The Shipbuilding industry will be one of the prime beneficiaries of the advent of big data. By analyzing data from the sensor of a previously used vessel that- let’s say, underwent some structural damage in the due course of time, or of a vessel that is a marvel of modern naval architecture, shipbuilders will know exactly what changes they should make or what steps they ought to take while designing a new vessel. The data collected earlier could help in testing a proposed ship design without physically developing the ship or even its prototype. That’s a big win-win situation for the shipping industry.
4. Ship Chartering Analytics for Performance:
Finding the appropriate ship for transporting cargo at the most economical price represents one of the hardest tasks for any charterer. The task heavily involves third parties like well-known shipbrokers and shipowners, meaning that a person has to have a lot of reliable contacts to make a profit in the end. The risk profile involved in such a task is huge too, and you may lose a lot of money if everything doesn’t go accordingly. Ship needs to have more and more technologies onboard to be efficient.
Then enters big data in the scene. Backed by real-time analytics that readily provides charters with readily available, authentic, and actionable insights to drastically improve decision-making. Plus, there’s a host of other data you get about the vessel while implementing big data: Automatic Identification System (AIS) information, position reports, estimated times of arrival, vessel particulars (such as size), and market information, all at a single place.
The adjoined table showcases some of the applications of big data for some of the roles in the maritime industry.
Role in the industry
Big data applications
Drafting energy-efficient solutions to cut on fuel consumption, monitor emissions, reducing operation costs…
Smart allocation of the fleet and other plannings that actively involve proven statistical data.
Ensure maximum optimization for your newbuilds with the help of big data.
At SINAY, we accelerate the digital revolution of the maritime industry with advanced big data technologies, hosted on a fully secured platform.
SINAY’s platform for big data, named SINAY HUB includes tools like algorithms, artificial intelligence, machine learning and analytics & monitoring management dashboards so that shipowners and ship managers are readily equipped with the necessary information while making big decisions like:
- Predicting the most suitable vessel route considering the weather, safety, and fuel economy.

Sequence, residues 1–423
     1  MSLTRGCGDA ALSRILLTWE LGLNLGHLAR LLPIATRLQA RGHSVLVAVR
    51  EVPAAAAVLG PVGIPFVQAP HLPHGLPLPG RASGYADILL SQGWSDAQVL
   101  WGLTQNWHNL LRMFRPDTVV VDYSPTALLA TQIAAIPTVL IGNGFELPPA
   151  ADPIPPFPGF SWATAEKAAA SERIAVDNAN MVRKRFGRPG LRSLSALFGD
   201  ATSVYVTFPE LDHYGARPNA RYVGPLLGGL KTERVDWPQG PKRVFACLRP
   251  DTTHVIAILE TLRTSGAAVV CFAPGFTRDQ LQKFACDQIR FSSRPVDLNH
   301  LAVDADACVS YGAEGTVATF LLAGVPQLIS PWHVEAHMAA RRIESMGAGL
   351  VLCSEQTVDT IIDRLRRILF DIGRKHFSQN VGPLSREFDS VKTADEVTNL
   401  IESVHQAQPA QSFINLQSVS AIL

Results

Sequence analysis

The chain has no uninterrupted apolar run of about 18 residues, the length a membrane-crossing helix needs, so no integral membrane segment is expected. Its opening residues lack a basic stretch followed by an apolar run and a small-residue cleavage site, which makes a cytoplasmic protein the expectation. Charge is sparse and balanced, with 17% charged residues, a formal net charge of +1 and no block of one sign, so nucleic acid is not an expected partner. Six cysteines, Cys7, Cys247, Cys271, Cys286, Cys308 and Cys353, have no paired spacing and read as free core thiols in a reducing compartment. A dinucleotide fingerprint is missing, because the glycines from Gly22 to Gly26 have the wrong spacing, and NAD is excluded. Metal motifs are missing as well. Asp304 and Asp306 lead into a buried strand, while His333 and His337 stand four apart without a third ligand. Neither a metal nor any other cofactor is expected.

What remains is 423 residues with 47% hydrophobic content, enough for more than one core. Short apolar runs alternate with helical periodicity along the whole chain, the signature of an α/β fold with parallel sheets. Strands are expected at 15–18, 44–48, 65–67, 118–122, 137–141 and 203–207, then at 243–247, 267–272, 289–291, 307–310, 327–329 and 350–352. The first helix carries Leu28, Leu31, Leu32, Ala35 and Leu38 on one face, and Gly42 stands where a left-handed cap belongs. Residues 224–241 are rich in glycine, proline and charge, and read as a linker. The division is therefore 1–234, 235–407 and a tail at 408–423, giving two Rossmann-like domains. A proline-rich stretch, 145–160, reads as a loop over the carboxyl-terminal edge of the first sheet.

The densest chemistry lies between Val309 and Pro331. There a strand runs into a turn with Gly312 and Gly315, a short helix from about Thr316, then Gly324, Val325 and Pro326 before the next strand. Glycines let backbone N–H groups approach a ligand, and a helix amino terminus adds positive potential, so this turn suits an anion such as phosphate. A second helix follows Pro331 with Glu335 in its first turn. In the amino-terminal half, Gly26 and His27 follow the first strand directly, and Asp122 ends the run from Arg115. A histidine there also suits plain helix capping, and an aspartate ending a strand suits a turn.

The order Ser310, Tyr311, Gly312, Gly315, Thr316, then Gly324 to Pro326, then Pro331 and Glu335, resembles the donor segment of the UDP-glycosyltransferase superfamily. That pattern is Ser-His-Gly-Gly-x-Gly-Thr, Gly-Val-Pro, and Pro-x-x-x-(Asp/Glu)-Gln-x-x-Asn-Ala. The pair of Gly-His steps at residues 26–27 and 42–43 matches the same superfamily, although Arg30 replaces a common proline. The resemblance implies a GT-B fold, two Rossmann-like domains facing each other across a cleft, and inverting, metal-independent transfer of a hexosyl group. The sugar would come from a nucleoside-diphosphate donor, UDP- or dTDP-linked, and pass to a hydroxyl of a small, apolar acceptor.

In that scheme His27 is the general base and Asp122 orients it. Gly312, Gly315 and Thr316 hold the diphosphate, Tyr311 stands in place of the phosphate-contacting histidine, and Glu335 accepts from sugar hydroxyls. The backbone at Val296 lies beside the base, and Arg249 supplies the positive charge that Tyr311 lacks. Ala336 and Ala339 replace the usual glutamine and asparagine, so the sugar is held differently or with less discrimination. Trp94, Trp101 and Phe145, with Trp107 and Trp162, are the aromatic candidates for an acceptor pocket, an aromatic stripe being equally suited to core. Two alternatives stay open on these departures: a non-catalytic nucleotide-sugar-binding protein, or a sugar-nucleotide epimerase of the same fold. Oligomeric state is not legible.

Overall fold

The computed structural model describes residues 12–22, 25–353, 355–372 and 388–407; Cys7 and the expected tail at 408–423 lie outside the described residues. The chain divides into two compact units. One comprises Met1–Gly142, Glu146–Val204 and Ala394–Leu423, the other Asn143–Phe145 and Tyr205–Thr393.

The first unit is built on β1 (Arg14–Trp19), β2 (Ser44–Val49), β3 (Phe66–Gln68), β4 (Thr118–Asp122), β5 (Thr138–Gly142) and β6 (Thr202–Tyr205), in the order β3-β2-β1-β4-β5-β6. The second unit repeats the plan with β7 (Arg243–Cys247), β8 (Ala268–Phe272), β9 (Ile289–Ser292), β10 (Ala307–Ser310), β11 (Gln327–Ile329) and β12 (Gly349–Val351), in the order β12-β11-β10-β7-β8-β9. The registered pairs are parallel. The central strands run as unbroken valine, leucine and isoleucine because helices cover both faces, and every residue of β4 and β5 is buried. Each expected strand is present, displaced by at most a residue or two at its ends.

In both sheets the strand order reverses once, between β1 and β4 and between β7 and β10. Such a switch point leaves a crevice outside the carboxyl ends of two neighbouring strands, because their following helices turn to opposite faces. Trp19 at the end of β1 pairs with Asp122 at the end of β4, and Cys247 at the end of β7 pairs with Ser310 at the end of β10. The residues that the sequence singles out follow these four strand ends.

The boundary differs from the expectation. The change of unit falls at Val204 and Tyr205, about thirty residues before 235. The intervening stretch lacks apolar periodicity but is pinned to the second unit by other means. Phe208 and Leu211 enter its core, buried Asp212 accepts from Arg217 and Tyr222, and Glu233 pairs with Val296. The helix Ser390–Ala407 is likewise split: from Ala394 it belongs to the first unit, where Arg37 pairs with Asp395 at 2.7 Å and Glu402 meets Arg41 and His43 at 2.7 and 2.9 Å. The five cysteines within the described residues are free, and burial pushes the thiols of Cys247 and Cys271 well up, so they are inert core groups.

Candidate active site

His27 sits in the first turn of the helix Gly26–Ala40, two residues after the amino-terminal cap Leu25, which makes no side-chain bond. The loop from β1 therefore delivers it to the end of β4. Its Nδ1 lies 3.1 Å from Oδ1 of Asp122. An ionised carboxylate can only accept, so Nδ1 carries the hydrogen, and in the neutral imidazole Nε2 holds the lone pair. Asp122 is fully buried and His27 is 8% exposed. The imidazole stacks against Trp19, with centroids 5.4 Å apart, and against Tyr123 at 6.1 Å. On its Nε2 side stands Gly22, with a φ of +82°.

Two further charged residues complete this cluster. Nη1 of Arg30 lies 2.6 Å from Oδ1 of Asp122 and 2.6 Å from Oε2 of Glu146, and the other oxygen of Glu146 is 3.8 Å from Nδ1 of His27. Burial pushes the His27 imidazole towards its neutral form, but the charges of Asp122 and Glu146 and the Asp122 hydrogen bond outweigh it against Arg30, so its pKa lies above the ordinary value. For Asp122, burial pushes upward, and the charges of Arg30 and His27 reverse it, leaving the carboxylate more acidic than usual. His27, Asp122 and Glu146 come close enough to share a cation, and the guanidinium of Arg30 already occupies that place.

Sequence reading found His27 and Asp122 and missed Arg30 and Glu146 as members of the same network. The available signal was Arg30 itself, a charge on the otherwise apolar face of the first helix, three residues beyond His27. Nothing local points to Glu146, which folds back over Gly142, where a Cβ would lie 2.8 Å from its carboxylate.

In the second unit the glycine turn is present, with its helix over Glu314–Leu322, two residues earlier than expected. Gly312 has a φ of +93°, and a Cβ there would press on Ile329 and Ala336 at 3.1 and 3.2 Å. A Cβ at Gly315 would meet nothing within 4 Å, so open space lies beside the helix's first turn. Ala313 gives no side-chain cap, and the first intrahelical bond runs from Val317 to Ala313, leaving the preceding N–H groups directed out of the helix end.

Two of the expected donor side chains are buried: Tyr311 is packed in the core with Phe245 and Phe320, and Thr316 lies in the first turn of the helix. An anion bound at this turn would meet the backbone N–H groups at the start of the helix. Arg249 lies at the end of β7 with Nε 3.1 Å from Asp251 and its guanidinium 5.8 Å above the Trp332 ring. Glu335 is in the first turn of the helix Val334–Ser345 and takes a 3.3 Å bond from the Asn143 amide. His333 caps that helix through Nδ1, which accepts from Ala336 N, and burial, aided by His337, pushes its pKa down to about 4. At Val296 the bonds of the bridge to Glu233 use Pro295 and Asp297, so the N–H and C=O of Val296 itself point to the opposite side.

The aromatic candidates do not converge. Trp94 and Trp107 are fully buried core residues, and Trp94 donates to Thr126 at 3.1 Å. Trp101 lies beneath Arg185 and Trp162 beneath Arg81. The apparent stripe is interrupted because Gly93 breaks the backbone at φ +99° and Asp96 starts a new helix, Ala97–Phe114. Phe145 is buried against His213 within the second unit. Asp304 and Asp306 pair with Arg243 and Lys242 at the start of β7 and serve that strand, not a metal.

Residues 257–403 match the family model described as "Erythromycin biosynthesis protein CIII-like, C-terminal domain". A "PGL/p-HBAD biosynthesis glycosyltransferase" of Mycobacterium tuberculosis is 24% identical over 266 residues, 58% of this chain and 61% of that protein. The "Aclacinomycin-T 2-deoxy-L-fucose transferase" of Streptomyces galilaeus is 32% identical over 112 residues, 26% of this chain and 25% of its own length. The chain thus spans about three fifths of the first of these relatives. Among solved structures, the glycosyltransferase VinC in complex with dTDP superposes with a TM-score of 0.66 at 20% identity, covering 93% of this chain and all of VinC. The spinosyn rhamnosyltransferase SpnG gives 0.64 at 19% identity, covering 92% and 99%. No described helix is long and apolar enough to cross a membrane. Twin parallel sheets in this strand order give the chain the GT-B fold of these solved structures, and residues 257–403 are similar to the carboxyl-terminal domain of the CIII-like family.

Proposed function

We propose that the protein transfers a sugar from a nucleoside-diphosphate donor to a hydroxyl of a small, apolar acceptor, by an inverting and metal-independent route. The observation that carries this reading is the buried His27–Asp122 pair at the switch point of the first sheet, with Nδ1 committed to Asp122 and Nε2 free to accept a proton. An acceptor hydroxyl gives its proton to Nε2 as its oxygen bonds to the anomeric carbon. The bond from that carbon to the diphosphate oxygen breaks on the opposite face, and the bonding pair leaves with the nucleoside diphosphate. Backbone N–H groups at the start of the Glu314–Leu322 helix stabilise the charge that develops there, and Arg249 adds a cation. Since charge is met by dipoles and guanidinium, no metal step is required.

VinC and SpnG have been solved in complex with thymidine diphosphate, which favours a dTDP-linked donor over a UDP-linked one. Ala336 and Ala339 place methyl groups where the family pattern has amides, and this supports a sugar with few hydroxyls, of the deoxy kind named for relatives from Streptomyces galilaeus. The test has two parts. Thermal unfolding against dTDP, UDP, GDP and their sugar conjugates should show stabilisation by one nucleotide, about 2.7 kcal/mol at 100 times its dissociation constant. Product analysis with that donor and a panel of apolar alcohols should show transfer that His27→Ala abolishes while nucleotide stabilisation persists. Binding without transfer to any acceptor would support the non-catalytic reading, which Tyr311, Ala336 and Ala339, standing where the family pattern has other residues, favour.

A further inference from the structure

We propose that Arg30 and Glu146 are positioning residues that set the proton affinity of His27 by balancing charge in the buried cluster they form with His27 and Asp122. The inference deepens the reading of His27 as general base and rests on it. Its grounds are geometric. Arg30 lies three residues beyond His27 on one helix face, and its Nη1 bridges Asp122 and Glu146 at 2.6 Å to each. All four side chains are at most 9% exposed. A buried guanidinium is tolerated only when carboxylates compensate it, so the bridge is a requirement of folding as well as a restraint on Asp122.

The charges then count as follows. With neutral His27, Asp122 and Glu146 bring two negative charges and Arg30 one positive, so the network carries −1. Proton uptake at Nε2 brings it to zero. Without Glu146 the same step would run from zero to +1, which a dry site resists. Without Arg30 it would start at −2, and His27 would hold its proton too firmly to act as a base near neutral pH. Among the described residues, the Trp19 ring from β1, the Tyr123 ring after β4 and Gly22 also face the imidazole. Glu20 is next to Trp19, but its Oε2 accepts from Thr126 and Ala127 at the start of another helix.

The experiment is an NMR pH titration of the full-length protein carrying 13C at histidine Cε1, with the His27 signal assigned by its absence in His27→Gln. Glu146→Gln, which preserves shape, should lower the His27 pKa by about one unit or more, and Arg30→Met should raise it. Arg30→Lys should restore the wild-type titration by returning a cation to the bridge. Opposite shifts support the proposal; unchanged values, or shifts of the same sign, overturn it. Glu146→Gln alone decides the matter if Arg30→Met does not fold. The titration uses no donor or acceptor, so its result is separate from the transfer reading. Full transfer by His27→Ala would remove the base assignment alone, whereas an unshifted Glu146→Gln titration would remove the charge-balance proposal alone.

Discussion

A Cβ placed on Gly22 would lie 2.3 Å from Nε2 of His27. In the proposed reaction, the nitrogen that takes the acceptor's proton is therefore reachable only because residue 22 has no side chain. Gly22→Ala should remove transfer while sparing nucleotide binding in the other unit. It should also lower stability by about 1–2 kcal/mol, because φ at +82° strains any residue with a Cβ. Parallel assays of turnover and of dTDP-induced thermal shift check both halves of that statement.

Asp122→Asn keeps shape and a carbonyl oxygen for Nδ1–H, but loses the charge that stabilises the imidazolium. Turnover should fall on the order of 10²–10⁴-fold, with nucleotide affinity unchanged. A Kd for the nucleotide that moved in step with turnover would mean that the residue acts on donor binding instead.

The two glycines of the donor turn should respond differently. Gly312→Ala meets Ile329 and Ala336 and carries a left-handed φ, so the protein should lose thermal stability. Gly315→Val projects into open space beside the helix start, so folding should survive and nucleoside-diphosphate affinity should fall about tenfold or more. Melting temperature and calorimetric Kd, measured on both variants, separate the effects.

- Picking up the best time to clean the ship hull from fouling.
- Choosing the best vessel for chartering purposes.
SINAY privileges from 10-year long expertise when it comes to collecting & analyzing maritime data, making the most relevant inputs for our customers. Our long-term goal is to become an international leader in environmental and digital expertise in the maritime economy.
To do this, we want to support maritime actors in their digital transition, promoting innovation and protecting the environment, using machine learning and artificial intelligence while respecting maritime culture for a better world.
Frequently Asked Questions About: MARITIME BIG DATA
Maritime data can include data about shipping and vessels, ports, environmental monitoring, sea life impact, and GIS.
Big data allows maritime commerce companies to have a more transparent view on all operation activities, forecast, predict, and make more accurate decisions.
Big data helps the maritime transportation sector to forecast and predict shipping route, fuel consumption, estimated time of arrival, and environmental impact.
Big Data is more than just large amounts of data. Big Data allows companies to use enormous amounts of data from non-traditional sources. A non-traditional source is time-sensitive data, not just past recorded data, used to optimize the industry and ports. Big Data includes texts, audios, videos, and real-time information.
An example of big data is: sensors can be attached to vessels, then data is collected from these sensors and used for predictive technology like estimated time of arrival.
Big data is stored in a data lake.